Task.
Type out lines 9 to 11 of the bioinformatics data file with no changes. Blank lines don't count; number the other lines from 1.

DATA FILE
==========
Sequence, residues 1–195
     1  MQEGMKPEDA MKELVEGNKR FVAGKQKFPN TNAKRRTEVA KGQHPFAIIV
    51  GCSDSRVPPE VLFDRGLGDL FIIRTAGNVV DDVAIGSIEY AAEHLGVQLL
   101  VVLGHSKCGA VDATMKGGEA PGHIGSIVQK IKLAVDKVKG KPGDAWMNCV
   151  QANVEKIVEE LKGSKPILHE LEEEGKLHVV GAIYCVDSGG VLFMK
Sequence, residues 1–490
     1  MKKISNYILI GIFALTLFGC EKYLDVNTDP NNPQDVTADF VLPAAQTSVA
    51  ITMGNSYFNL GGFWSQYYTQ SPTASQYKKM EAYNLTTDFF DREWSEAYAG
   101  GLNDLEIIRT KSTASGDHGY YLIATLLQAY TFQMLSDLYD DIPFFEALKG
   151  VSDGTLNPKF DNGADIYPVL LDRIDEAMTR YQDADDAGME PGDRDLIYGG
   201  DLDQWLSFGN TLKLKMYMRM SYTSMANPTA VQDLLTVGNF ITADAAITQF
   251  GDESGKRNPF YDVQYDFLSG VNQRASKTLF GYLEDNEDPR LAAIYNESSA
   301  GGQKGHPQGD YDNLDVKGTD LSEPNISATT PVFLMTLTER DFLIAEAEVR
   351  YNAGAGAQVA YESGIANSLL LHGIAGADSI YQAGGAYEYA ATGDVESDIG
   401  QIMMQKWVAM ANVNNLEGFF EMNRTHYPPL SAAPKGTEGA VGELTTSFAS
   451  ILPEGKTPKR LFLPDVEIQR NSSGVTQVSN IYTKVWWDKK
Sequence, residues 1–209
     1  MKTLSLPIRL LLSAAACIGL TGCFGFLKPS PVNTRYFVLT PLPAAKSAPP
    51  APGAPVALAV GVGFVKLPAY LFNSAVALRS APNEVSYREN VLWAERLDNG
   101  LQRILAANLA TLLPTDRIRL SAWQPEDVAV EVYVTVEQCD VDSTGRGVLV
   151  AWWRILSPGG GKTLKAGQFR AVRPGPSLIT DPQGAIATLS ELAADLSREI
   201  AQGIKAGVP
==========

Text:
   101  GLNDLEIIRT KSTASGDHGY YLIATLLQAY TFQMLSDLYD DIPFFEALKG
   151  VSDGTLNPKF DNGADIYPVL LDRIDEAMTR YQDADDAGME PGDRDLIYGG
   201  DLDQWLSFGN TLKLKMYMRM SYTSMANPTA VQDLLTVGNF ITADAAITQF